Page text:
The plot is relatively straightforward, like the first novel, something I chided about in the Cloud Roads. This is not the same plot as the last time, and there are some twists and changes to the form that make this a fresher story for it.
Of course, the writing flows and flows delightfully. Characters are highlighted, worldbuilding folded in. I love to read this author’s writing. As here, when the Court is debating sending emissaries to a nearby Court.
[Stone] said “Indigo Cloud doesn’t have an alliance with Emerald Twilight”
Pearl dismissed it. “We’ll offer alliance. They have no reason not to accept.”
Moon managed to keep his expression blank. Emerald Twilight had no reason not to accept because Pearl hadn’t been there to antagonize them, the way she had Wind Sun, the court that had refused to help fight the Fell.
Stone scratched his neck, and added thoughtfully. “We almost went to war with Emerald Twilight, before Indigo Cloud left the Reaches.”
There was a startled murmur from everyone. “War?” Flower repeated, incredulous.
“Are you serious?” Jade demanded.
Pearl lifted her spines. “Was it something you did? Just tell us.”
Stone glared at her. “I was barely ten turns old.” Under Jade and Pearl’s concentrated stares, he admitted. “Indigo stole Cloud from a daughter queen at Emerald Twilight. I forget her name.”
“Stole?” It was Moon’s turn to stare. “What…how…That can happen?”
“We can only hope,” River put in, nastily. Drift snickered.
Moon met River’s gaze in deliberate challenge. “Do you need another beating?”
“Quiet, both of you,” Pearl snapped. She turned her head back to Stone. “Was Cloud taken?”
“Yes. The daughter queen took him when he was too young, and after a few turns, it wasn’t working out. There was no clutch yet.” Stone shrugged. “At least, that’s our side of the story. I have no idea if that’s actually true, or not.”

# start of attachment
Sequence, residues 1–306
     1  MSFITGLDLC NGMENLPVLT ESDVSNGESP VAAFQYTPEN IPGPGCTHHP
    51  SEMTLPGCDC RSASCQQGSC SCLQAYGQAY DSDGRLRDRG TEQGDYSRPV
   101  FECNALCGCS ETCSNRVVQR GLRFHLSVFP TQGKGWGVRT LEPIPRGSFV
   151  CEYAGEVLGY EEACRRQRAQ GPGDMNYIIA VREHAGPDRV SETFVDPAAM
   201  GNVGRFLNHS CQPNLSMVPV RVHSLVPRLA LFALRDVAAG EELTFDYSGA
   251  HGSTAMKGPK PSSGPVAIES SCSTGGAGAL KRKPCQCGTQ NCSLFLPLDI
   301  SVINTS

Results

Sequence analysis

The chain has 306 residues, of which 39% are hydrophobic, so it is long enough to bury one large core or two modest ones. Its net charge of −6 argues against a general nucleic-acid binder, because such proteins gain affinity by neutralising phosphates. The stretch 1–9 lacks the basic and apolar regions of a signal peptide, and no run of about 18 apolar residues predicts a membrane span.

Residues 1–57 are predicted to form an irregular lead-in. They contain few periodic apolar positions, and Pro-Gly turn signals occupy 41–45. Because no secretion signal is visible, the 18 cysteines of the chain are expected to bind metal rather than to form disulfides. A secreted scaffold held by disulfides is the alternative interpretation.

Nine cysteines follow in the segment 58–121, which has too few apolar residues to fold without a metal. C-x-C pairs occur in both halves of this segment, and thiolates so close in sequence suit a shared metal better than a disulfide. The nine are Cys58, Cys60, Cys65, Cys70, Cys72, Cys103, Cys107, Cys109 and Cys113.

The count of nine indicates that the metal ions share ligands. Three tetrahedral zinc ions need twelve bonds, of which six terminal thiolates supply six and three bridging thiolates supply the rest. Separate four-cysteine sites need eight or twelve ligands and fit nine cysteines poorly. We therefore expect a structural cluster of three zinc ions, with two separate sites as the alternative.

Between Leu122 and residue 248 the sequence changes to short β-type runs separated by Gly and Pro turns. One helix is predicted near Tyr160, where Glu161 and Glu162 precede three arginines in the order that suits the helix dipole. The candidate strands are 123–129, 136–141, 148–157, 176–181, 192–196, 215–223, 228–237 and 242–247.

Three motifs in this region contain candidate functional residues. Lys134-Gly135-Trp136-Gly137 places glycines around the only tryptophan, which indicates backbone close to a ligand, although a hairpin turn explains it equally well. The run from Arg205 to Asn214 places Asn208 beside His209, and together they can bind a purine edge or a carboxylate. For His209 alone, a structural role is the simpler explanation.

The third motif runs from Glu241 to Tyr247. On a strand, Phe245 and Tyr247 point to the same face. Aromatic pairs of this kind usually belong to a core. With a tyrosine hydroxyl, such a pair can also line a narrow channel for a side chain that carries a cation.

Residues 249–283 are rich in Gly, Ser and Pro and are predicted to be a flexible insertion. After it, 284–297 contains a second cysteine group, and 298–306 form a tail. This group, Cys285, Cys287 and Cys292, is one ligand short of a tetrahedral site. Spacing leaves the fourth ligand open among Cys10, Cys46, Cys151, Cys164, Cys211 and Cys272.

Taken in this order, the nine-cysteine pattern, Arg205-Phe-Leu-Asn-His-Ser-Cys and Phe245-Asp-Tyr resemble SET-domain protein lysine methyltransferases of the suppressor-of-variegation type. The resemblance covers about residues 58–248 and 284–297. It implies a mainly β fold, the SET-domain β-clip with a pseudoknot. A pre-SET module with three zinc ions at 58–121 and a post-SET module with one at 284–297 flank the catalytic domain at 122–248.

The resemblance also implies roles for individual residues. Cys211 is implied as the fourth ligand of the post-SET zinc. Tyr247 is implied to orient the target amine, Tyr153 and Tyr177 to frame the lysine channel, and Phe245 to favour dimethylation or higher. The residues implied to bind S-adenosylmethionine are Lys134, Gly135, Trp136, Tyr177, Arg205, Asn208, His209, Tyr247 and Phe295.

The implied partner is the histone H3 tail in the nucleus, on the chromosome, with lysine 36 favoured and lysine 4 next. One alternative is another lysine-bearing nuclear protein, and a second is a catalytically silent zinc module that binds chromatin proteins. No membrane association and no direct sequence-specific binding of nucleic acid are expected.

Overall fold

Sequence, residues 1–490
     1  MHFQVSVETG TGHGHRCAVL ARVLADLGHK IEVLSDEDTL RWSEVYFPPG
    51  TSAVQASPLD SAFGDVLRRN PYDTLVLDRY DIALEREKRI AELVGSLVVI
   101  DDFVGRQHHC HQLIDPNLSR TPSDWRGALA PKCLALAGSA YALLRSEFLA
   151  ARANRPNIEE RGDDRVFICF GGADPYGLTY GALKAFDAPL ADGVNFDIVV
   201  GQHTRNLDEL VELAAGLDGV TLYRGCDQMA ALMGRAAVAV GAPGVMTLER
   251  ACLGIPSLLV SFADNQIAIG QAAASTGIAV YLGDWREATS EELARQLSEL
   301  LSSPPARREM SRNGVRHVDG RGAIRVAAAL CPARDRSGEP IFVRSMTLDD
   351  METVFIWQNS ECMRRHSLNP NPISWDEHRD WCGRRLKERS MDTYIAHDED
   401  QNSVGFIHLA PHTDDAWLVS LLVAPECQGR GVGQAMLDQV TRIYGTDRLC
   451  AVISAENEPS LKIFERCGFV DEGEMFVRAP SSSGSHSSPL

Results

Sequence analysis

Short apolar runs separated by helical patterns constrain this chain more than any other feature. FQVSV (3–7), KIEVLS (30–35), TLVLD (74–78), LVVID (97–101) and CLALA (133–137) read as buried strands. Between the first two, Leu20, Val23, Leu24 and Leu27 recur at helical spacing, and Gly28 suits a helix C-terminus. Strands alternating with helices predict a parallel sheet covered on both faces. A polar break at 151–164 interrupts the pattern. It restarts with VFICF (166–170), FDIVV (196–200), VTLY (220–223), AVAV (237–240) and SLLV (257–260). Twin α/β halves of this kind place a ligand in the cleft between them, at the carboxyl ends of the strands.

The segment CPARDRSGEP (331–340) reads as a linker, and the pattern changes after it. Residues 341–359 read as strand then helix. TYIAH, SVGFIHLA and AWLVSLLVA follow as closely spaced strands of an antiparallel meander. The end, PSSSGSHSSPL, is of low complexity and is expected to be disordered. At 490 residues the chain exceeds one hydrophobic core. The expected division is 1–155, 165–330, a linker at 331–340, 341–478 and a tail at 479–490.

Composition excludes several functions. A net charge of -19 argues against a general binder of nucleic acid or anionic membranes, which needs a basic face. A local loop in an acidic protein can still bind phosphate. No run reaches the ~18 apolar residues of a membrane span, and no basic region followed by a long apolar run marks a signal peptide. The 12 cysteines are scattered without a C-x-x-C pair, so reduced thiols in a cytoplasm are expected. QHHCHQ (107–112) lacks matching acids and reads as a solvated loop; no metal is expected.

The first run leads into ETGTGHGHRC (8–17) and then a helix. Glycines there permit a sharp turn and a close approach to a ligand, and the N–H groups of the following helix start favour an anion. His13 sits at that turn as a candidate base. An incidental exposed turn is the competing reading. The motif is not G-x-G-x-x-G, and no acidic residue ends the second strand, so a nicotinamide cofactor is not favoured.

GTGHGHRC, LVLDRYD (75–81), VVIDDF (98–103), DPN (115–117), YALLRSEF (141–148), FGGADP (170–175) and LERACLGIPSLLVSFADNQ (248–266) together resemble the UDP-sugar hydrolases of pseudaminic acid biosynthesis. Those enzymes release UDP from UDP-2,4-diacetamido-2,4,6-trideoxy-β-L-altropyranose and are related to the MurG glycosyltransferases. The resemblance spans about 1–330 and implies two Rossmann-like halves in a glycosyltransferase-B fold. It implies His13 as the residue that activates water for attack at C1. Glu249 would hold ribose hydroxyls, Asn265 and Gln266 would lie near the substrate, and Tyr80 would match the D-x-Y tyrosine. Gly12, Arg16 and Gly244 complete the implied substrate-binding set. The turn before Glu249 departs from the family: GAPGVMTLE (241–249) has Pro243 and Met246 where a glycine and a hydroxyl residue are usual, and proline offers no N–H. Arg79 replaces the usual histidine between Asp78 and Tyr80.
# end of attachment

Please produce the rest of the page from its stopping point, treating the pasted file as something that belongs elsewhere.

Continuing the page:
Bone shook his head, affronted. “Is this even in the histories?”
Flower groaned and rubbed her eyes. “I’ve never seen it there. And I am fairly certain I’d remember.”
This sounded serious. Nobody seemed to think that maybe Emerald Twilight would have forgotten the incident by now. Moon wasn’t even sure what they’d meant by ‘stolen’. Kidnapped, carried off? Like the Fell did with the Arbora? He didn’t need anything new to worry about.
What didn’t work for me? A few of the characters feel underdeveloped and underdone. The focus on Moon and a few other favorites, and the nature of the plot makes a few of the characters seem left out of the fun in developing them. One other criticism I have is a twist in the last part of the book. I saw that a twist was coming, although I didn’t predict the nature of it, and it feels like the twist is there for mechanical reasons rather than organically arising from the characters and their actions.
The ending of the book suggests that The Serpent Sea forms a complete diptych with The Cloud Roads. Moon goes from outsider unaware of his true nature to finding and building a home and a place for himself. His story has a nice and complete character arc. This is not to say that I wouldn’t say no to more books about and featuring Moon and Indigo Cloud, but in an age of interminable sequels, these books fit nicely together and don’t particularly need more direct sequels.
In fact, I’d like to see what else is in the playground of the Three Worlds. And, more worlds from Ms. Wells. Now that she has successfully created a completely de novo secondary fantasy world. I’d like to see more worlds from her keyboard.